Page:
It would be much easier if the project Manager could immediately see the new users listed within Redmine and assign roles to them without waiting for them to log in for the first time. There is a patch for Redmine that provides exactly this functionality. Unfortunately, applying a patch to the Redmine code will certainly break the possibility for easy updates. Redmine is still under heavy development and having to merge future versions with old patches could be painful.

Ruby to the rescue!

The standard Rails application skeleton includes a set of useful scripts under the {application root}/script folder:

>> indice@hostname:/0.8-stable/script$ ls
about  breakpointer  console  dbconsole  destroy  generate
performance  plugin  process  runner  server

Starting the console script gives a ruby shell with all redmine application classes and environment available. The console also features history and autocompletion.

indice@hostname:/0.8-stable/script$ ./console
Loading development environment(Rails 2.1.2)
GLoc v1.1 running in development mode. Strings can be modified at runtime.

Having the console loaded, I could load the one and only Ldap authentication source from the Redmine database by calling:

A cool feature of the ruby language is the ability to easily manipulate classes on runtime. I can add a method to the AuthSourceLdap class by typing it on the console. The new method adds functionality to import all users from the AD Server in Redmine.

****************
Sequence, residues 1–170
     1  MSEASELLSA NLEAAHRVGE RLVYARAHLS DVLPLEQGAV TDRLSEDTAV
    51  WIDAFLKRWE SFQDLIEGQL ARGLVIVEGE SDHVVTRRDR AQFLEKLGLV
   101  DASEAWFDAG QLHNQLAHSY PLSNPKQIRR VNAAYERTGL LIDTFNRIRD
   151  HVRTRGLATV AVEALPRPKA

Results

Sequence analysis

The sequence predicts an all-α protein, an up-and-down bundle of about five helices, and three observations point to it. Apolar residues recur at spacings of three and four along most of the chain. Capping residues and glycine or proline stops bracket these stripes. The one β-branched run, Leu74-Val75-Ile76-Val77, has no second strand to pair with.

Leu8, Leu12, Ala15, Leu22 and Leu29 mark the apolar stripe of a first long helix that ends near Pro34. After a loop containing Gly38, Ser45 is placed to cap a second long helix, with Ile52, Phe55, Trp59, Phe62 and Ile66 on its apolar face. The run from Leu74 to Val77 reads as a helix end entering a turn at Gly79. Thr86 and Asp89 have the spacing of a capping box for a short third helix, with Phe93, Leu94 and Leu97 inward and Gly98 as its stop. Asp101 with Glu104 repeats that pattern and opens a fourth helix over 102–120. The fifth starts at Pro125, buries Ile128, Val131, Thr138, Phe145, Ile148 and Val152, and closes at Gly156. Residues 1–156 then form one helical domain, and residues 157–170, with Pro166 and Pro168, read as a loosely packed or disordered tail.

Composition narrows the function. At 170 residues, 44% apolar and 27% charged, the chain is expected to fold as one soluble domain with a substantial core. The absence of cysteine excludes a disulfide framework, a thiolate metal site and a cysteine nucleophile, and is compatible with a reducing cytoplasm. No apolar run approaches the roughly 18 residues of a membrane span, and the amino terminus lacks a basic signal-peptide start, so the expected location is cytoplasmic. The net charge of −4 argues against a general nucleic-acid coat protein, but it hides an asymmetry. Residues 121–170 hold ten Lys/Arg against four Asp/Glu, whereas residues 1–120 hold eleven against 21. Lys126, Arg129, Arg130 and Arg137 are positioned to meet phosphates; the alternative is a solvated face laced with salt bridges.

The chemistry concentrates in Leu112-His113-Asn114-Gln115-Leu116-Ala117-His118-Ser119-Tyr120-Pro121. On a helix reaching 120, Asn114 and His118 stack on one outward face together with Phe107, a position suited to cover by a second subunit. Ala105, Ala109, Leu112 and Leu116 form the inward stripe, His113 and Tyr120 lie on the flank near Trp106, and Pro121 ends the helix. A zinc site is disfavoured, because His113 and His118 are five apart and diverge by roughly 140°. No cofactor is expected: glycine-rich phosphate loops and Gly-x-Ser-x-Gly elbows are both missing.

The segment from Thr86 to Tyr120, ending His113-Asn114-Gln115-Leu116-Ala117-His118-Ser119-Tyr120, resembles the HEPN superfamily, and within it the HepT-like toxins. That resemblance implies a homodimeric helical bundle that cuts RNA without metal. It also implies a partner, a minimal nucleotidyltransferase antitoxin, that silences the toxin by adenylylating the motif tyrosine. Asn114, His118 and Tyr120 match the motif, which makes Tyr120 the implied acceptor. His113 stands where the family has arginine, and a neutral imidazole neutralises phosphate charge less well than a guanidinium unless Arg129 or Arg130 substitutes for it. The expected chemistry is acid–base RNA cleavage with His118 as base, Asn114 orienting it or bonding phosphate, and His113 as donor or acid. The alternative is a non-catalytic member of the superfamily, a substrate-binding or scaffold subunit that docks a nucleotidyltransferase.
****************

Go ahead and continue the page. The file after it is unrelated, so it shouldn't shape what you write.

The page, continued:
The search filter that should be applied on the Ldap database to select all users is just hardcoded in the script, but it does not make such a big difference since this attribute is expected to never change.

The method will immediately become available for all objects of the class that are already loaded as well. So this method is now also available on the @auth_method object I had already loaded from the database. Calling it imports all found users:

>> @auth_method.import=> {:skipped=>0, :found=>67, :imported=>67}

The scripts directory of every Ruby on Rails application also includes a "runner" script, with which ruby scripts can be called in the context of the application.

Finally I could make a little script that loads the authentication source object from the Redmine Database, adds an import method to it and immediately calls it to import all users from AD.

A simple cron job synchronises the Redmine User Database with Active Directory every five minutes by calling my ruby script through the Redmine runner:

* crontab -e*/5 * * * * /0.8-stable/script/runner  \/script-location/ldapimport.rb
> \/log-file-location/ldapimport.log 2>&1

Monday, November 9, 2009

Introducing the Blog of Indice

This is going to be the Blog of


13 Kazani str, 11 526 Athens, Greece